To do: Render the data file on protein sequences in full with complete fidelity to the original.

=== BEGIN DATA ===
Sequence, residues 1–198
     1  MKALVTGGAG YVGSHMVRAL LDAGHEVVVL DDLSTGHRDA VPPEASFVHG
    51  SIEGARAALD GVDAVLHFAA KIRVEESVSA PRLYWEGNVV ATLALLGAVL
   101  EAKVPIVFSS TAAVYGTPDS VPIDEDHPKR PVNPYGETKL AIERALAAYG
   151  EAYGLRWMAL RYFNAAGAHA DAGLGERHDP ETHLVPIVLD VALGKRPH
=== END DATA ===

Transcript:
Sequence, residues 1–198
     1  MKALVTGGAG YVGSHMVRAL LDAGHEVVVL DDLSTGHRDA VPPEASFVHG
    51  SIEGARAALD GVDAVLHFAA KIRVEESVSA PRLYWEGNVV ATLALLGAVL
   101  EAKVPIVFSS TAAVYGTPDS VPIDEDHPKR PVNPYGETKL AIERALAAYG
   151  EAYGLRWMAL RYFNAAGAHA DAGLGERHDP ETHLVPIVLD VALGKRPH